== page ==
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This book explores changes in security governance in Europe from the 1990s, focusing on some of the most important consequences: the proliferation of ignored insecurities, including the increase of oncological diseases, environmental disasters, shadow economies reproducing neo-slavery and fiscal fraud, and the general damage to the res publica.
What is the articulation of removal, reclamation and consequently the implementation of devices and the establishing of prevention practices? Why are the majority of victims and also the control agency professionals seemingly resigned to these ignored insecurities? Following more than 20 years of research in the area, the authors examine these questions and how the securitisation of society has exacerbated.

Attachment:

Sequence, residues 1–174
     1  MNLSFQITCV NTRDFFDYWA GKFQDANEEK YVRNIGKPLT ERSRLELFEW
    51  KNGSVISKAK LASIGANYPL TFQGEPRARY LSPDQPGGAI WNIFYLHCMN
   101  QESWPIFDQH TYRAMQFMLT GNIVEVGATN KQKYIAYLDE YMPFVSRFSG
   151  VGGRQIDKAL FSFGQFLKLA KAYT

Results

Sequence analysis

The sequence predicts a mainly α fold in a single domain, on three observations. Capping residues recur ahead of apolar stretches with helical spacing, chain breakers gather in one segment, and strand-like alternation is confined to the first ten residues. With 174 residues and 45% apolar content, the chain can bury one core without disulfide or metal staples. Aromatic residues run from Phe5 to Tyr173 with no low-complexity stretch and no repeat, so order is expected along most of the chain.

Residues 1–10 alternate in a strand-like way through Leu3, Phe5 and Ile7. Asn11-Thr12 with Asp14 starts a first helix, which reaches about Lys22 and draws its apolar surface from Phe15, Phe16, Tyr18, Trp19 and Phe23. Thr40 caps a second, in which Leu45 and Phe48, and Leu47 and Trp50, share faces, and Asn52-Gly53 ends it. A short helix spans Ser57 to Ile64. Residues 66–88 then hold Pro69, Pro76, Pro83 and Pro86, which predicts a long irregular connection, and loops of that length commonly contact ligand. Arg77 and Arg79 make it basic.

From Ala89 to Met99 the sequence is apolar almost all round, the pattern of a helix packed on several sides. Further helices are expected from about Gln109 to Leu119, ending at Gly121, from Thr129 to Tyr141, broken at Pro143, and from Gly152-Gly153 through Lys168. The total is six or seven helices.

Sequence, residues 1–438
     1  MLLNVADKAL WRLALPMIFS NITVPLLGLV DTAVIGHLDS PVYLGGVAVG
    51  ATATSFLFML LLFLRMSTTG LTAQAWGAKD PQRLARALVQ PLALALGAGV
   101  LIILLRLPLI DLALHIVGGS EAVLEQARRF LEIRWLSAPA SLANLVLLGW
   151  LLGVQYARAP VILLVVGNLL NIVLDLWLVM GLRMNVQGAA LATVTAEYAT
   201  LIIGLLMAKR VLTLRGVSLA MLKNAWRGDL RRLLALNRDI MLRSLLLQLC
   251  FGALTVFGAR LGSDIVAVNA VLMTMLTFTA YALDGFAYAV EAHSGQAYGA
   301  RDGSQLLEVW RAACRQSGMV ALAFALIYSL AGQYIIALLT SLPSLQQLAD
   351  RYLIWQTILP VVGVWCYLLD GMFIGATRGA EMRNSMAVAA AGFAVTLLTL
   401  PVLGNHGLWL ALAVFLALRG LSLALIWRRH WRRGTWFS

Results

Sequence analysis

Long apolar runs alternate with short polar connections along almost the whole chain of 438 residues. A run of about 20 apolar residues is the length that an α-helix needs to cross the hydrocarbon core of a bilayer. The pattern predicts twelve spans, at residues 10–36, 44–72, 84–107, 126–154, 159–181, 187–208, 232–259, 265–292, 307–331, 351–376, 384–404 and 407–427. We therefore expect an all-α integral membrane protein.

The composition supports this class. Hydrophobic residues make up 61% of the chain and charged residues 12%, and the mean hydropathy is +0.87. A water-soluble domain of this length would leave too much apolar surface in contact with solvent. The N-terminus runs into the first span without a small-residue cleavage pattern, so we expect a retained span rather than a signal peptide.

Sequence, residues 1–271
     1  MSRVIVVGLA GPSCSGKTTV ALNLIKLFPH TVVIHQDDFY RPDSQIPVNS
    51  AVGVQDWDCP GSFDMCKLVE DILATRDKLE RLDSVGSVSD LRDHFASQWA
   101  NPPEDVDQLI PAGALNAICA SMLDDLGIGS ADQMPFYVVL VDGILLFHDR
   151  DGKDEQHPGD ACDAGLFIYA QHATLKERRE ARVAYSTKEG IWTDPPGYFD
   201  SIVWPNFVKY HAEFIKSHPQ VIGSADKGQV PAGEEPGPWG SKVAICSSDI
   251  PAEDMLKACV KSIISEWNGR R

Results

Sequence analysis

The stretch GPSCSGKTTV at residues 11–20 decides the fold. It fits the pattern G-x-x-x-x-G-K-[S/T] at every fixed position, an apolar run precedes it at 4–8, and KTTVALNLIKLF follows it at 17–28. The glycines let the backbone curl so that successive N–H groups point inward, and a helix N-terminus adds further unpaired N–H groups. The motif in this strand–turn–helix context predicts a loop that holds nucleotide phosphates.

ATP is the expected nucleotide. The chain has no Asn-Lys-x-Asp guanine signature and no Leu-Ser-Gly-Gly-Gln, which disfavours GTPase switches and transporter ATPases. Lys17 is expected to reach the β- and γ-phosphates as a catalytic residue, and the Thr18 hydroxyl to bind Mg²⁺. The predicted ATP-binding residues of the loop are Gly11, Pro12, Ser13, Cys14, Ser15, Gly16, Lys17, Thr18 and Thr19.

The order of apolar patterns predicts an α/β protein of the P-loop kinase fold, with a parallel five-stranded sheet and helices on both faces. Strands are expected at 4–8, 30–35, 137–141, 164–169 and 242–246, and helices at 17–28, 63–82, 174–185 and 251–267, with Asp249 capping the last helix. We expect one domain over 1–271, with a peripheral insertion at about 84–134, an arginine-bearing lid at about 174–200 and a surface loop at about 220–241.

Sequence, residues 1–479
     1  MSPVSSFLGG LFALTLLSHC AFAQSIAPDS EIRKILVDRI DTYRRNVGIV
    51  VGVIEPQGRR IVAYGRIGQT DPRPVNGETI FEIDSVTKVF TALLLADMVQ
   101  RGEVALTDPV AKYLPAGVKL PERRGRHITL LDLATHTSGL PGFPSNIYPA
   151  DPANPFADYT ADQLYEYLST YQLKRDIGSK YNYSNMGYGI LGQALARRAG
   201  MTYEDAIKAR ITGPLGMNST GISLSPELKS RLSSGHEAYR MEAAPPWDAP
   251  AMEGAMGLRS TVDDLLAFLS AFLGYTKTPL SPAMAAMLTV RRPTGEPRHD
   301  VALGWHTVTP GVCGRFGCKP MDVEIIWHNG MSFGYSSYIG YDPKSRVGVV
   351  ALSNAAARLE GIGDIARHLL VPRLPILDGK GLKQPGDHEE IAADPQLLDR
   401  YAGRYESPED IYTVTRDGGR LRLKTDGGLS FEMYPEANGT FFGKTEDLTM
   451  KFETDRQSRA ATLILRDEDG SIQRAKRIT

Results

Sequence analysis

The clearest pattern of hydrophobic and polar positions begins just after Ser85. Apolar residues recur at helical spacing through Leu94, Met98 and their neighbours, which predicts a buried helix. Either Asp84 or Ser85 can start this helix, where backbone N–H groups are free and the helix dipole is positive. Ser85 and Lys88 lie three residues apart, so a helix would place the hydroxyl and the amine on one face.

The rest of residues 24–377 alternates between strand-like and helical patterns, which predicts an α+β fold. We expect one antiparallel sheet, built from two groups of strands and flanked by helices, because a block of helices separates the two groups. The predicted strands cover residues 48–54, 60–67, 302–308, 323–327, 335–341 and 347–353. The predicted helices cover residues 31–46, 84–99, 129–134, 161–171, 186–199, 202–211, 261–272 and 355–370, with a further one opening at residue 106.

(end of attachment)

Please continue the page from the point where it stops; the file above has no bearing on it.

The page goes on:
They argue that the primary cause of the increase in ignored insecurities is the consequence of the neoliberal turn in security governance. This book proposes an innovative approach to security governance, not only through a serious analysis of the balance of the costs and benefits, but also highlighting what we have termed a "ignored insecuritiesa (TM).
The authors propose a review of the problems, showing that the governance of security is a crucial element of the contemporary political organisation of society.